Video Games and the Shaping of Industrial Transformation

Center on Japanese Economy and Business, Columbia Business School
Tuesday, February 21, 2012
Uris 301, Columbia Business School


In this diagram you can see that from hardware to software, from software to user experience, value has been shifting. This is the shift from something physical to something intangible. Namely, value has shifted to the user experience itself, from the easily repeatable to something that can’t be repeated at all.

So the answer to our question of value is simple; we must ask ourselves, how do we offer a unique user experience?

To illustrate further, let’s consider the word processor. When word processor separated itself to PC and word processing application, the value shifted to the application. This is what I call the movement from hardware to software. From there, we saw software become further specialized. We moved from code toward data. Consider spreadsheet software. While the logic of spreadsheet software is really important, what's more important is what the customer is trying to calculate, in other words, the data itself. This is the shift of code toward data.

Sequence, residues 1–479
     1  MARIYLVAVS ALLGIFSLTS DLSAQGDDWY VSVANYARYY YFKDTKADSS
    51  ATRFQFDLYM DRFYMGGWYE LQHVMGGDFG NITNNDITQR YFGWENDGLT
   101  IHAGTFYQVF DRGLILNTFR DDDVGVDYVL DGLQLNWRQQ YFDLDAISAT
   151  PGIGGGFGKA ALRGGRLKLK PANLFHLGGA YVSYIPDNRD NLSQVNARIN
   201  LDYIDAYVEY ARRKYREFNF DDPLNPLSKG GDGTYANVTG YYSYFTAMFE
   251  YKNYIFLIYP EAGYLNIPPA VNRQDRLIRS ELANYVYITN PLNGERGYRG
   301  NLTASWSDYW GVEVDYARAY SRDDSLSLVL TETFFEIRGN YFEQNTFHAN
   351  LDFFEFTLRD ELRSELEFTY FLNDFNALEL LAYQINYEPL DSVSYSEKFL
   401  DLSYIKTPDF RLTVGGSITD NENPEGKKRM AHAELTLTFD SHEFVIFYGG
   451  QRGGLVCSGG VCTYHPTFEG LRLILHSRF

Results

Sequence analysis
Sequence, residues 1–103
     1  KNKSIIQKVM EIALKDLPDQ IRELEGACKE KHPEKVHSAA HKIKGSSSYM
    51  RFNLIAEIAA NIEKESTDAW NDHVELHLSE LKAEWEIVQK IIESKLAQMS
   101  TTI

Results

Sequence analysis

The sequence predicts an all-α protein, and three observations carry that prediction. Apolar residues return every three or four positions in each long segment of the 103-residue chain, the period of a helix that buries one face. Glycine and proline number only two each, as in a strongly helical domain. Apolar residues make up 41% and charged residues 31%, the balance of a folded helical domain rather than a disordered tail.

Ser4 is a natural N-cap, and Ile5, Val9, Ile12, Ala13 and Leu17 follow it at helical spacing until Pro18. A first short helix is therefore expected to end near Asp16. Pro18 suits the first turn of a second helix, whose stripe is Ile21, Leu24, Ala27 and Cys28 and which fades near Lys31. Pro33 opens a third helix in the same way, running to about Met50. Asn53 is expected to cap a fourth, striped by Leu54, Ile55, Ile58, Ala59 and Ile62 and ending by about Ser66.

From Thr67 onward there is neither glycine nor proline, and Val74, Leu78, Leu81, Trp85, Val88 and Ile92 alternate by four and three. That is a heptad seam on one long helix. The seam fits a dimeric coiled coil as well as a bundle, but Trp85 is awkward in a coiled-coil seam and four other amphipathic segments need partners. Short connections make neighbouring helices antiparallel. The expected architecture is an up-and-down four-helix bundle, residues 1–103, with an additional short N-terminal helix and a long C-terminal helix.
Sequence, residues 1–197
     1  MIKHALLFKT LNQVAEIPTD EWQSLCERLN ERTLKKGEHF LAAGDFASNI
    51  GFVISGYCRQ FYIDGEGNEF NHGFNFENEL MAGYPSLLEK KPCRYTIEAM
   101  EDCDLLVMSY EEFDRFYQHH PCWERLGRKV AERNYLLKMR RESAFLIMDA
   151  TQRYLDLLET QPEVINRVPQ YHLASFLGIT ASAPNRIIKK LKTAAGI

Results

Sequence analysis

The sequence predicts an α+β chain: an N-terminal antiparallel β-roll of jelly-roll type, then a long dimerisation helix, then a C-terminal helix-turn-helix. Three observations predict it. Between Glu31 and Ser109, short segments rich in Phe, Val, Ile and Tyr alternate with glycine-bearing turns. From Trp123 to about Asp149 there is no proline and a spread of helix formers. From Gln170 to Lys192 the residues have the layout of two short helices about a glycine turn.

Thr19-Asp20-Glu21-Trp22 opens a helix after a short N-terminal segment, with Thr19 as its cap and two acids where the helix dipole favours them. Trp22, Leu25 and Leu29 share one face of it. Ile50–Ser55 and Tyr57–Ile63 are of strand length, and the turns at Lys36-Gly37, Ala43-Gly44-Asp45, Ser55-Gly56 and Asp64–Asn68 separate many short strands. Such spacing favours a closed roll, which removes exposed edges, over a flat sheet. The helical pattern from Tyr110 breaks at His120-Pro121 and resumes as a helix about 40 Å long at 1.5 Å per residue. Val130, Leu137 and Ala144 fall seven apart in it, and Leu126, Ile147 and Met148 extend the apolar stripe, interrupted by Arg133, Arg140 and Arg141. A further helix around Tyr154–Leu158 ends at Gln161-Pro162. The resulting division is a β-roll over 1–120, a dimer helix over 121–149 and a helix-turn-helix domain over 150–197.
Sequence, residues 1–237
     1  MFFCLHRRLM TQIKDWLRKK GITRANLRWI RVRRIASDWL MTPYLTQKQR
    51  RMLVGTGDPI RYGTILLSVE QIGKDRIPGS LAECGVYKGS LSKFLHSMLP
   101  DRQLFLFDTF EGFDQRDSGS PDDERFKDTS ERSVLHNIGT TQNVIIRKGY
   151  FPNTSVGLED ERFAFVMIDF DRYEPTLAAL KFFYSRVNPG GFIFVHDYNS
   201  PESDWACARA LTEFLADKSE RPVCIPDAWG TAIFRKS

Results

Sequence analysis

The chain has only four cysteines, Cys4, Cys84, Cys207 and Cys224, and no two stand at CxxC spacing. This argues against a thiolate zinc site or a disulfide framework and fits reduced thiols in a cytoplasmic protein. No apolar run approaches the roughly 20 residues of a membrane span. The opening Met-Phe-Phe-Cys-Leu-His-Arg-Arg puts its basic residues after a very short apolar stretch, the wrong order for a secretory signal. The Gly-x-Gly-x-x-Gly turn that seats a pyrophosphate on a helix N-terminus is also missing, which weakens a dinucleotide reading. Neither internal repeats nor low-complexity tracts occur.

Moving even further, what becomes critical is how customers create experiences with this data. We should simply focus on the customer's "user experience" and here is where we have to make our business model.

We have some good estimates of how the ecosystem will look, and we've decided what kind of value we want to offer within that ecosystem. There are lots of business model ideas. But there are many answers. Although we cannot decide on the details, we aim to take an initiative in our position. To do this, we need innovation. And here is where innovation management becomes important.

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